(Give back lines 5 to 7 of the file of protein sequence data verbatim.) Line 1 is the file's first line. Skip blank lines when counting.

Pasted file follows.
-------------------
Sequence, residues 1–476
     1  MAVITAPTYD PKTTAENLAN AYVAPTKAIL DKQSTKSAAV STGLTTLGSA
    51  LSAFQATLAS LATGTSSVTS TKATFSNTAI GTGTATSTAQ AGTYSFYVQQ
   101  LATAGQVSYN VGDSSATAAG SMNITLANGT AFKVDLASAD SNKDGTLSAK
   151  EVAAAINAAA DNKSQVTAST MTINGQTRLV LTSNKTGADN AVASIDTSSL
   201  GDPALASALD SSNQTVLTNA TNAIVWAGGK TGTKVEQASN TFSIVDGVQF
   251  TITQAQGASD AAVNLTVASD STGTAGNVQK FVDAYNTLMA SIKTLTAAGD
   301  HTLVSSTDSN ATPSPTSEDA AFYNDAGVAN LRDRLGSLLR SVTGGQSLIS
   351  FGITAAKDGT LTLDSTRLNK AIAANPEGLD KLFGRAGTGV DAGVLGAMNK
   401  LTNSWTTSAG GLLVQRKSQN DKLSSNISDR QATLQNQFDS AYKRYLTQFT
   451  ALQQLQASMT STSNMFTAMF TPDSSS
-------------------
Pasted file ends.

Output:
   151  EVAAAINAAA DNKSQVTAST MTINGQTRLV LTSNKTGADN AVASIDTSSL
   201  GDPALASALD SSNQTVLTNA TNAIVWAGGK TGTKVEQASN TFSIVDGVQF
   251  TITQAQGASD AAVNLTVASD STGTAGNVQK FVDAYNTLMA SIKTLTAAGD